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Eyeing the connection between autism and vision


The first indication that autism can accompany blindness more often than expected came in a 1956 study of 60 children with retinopathy of prematurity, a condition in which the light-capturing tissue at the back of the eye does not develop properly. Five of these children turned out to be autistic — a dramatic result at a time when fewer than 1 in 1,000 children had an autism diagnosis, and high even in light of today’s prevalence of about 1 to 2 percent in most countries.

Since then, studies in multiple countries have documented a double-digit prevalence of autism among blind children: 12 percent in Turkey, 17 percent in Sweden and 50 percent of the students whom Jure examined at the school for the blind Gigena attended in Argentina.

These studies are small, each involving only a few dozen to a few hundred people. But a much larger study published this year also links autism and a lack of sight. Researchers in Scotland approached the question from the opposite direction: They combed through national census data on 5.3 million people to show that blindness is about three times as common in autistic children as in their typical peers, and it occurs in autistic adults at 1.5 times the typical frequency.

None of the studies explain the statistics. Do autism and blindness stem from the same biological roots? Some research suggests that autism is closely tied to specific causes of blindness — for instance, optic nerve hypoplasia (Gigena’s condition), retinopathy of prematurity and anophthalmia (in which one or both eyes fail to develop). The causes of these vision problems may also contribute to autism, experts say.

“Lilita wasn’t reaching [milestones]. She wasn’t making friends, and she didn’t communicate well.” Lilian Funes

Another possibility is that blindness contributes to autism traits, particularly when a child is born blind, because vision is thought to be critical to the early development of social skills. Young children learn that other people have distinct points of view and emotions by seeing how others react to the world around them. They also learn about social cause and effect through visual relationships, such as when a toddler grabs a toy and pulls it to himself while saying, “Mine.”

“What you have here is something absolutely pivotal for human development,” says Peter Hobson, emeritus professor of developmental psychopathology at University College London in the United Kingdom. Children with acquired blindness can still tap this knowledge after they have lost their sight, Hobson says. But those who are born blind may have trouble gaining it in the first place.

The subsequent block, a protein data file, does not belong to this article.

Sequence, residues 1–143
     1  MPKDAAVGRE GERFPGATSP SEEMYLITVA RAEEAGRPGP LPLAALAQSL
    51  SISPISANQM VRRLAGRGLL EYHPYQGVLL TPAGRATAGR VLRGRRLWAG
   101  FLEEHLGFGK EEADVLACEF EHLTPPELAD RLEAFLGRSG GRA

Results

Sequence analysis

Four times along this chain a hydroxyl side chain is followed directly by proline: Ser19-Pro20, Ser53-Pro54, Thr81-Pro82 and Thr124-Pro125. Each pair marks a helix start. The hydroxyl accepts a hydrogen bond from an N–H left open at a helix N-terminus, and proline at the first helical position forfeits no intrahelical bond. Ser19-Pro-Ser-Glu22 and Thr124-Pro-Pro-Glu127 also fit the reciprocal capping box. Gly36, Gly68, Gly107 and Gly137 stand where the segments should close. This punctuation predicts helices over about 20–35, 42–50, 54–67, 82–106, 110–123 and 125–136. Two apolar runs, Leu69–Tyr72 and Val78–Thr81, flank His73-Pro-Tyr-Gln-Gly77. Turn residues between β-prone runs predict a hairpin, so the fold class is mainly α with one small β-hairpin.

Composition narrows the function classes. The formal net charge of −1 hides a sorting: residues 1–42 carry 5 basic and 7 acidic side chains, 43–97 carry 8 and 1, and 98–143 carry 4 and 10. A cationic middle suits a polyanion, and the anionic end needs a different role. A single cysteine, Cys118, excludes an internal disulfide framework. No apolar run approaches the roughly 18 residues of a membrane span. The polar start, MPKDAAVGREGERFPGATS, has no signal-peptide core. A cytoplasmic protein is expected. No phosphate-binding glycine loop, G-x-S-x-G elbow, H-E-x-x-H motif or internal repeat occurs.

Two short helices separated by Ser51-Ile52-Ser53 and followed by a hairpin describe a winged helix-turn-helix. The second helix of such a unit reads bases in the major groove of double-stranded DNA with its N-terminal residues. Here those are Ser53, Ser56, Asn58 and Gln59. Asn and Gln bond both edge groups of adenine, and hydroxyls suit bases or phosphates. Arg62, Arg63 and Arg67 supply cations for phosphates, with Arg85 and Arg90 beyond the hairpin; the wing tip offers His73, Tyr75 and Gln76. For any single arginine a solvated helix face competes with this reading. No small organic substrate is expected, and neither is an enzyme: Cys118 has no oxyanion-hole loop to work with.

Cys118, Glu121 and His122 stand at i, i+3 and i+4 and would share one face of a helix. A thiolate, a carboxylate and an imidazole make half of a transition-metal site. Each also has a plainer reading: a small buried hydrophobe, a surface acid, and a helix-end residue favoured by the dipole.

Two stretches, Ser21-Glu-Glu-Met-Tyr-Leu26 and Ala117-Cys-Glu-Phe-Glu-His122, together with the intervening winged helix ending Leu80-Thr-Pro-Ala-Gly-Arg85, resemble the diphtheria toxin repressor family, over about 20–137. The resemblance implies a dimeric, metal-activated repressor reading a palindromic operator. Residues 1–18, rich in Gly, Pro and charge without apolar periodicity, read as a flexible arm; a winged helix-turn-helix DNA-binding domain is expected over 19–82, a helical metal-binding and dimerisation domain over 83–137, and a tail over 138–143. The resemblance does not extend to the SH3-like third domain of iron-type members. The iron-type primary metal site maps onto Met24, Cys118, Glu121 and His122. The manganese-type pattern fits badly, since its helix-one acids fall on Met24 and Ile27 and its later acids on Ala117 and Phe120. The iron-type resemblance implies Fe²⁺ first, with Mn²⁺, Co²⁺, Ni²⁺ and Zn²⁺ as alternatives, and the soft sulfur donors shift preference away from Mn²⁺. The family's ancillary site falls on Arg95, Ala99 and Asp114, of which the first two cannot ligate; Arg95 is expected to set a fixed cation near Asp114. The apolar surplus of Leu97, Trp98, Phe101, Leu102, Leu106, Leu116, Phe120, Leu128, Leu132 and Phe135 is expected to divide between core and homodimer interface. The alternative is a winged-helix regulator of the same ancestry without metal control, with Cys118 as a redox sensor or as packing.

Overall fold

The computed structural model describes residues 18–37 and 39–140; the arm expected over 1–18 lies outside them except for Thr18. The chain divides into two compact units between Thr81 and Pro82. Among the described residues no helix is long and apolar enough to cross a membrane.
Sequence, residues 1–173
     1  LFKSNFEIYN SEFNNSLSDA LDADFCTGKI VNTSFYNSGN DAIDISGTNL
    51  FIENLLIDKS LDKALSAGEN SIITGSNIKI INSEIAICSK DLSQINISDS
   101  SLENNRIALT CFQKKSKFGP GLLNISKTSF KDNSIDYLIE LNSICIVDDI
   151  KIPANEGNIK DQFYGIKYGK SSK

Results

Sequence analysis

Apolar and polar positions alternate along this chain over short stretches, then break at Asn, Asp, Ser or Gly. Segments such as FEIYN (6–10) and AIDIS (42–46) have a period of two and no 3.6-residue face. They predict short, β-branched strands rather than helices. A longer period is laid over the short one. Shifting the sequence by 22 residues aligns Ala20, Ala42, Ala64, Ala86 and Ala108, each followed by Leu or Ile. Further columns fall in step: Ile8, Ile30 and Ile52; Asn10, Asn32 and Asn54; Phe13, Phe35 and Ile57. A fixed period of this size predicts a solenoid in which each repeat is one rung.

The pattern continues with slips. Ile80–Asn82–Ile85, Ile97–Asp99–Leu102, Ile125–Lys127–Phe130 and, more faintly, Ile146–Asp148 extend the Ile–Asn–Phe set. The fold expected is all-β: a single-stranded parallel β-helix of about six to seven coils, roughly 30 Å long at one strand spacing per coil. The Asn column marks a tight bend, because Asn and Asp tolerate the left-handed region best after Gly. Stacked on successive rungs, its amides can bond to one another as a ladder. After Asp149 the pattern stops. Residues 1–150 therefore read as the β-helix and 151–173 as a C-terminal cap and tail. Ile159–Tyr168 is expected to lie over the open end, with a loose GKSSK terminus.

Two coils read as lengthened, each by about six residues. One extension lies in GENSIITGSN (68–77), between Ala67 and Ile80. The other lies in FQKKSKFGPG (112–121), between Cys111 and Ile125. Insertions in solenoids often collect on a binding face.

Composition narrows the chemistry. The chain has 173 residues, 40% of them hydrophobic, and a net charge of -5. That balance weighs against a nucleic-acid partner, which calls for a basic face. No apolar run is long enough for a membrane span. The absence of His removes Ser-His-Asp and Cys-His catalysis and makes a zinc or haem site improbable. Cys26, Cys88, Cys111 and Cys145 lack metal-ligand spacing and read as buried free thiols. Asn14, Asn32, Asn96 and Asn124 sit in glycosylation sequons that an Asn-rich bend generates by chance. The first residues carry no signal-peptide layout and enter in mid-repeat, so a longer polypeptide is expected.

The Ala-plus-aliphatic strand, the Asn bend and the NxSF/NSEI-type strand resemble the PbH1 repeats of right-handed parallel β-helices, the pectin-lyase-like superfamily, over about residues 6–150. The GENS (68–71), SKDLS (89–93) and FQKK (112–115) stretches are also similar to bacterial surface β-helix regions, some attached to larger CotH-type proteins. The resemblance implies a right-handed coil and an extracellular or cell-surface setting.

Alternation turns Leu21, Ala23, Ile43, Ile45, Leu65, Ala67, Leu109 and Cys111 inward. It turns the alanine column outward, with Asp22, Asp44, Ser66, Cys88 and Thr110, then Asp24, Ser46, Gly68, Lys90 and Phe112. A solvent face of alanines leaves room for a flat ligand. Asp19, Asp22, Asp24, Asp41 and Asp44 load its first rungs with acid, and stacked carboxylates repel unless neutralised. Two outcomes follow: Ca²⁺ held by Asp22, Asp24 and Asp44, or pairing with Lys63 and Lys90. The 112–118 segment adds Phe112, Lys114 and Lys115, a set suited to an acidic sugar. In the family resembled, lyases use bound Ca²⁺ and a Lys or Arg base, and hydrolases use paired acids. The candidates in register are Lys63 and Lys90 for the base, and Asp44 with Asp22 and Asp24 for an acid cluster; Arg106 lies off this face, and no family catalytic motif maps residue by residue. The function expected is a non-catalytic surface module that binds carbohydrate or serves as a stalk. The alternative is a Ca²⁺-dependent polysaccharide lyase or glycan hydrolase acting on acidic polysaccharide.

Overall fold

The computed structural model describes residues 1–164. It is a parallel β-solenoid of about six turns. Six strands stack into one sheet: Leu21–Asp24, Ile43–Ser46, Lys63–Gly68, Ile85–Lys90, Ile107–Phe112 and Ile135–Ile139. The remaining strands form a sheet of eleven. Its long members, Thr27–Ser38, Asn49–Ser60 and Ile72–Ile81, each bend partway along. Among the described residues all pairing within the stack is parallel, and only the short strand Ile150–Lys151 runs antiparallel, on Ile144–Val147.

This theory is borne out by research showing an association between congenital blindness and autism. For example, 18 of 25 students with congenital blindness at Gigena’s school met the criteria for autism in Jure’s 2016 study, compared with only 1 of 13 with partial or acquired blindness. A similar pattern emerged when he analyzed pooled data from 12 published studies of blindness and autism. “The presence of total congenital blindness was the main factor by far that produced autism,” he says. Blindness acquired after the first year of life and partial vision were associated with autism less frequently.

In a 1997 study of British schools for the blind, Hobson and his colleagues found that 9 of 24 congenitally blind children without obvious neurological impairments met the criteria for autism; many others had autism traits. Those findings jibe with Jure’s clinical experience: Within families, children who are completely blind tend to be autistic, whereas their seeing or partially sighted siblings, even identical twins, are not, he says. “I’m completely convinced that blindness itself conveys a huge possibility of autism.”

Researchers who work with blind children have also noticed similarities between their behavior and that of autistic children. In her 1977 book, “Insights From the Blind,” child psychoanalyst Selma Fraiberg described a girl named Kathie who had been blind since birth. Although bright and socially engaged, Kathie did not engage in imaginative play. And she tended to confuse the pronouns ‘I’ and ‘you,’ as well as other terms, such as ‘here’ and ‘there,’ ‘come’ and ‘go,’ and ‘this’ and ‘that.’ Such linguistic reversals, especially of pronouns, are common in young children with autism. Other autism-like behaviors often seen in blind children include repetitive movements, such as rocking back and forth; resistance to change; and echolalia, or repeating another person’s words. Fraiberg termed such behaviors ‘blindisms.’

Some experts, including Michael Brambring, an emeritus psychologist at Bielefeld University in Germany, have argued that autism traits in blind children are just manifestations of blindness, not autism. What look like the same behaviors may sometimes stem from different prompts. As an example, one mother describes in an essay how her blind daughter would rock back and forth in a way that looked like an autism-like repetitive behavior — until she realized her daughter was listening for squeaks in the floorboards. The girl had a different sensory world than a sighted person, and she was just exploring that.

This sort of misperception is widespread, says Pawan Sinha, a vision and autism expert and computational neuroscientist at the Massachusetts Institute of Technology. In 2005, Sinha founded an organization, staffed by surgeons, to restore sight in people with treatable causes of blindness in rural India. He says that many of the blind children he sees are shy at first, though sociable with familiar people. They also have some behaviors reminiscent of autism, such as echolalia. “Having met with literally thousands of blind children, blind adults, I simply don’t see the signs of high incidences of autism in that population,” Sinha says. But he plans to look more closely by surveying autism characteristics in at least 1,000 blind adolescents in India.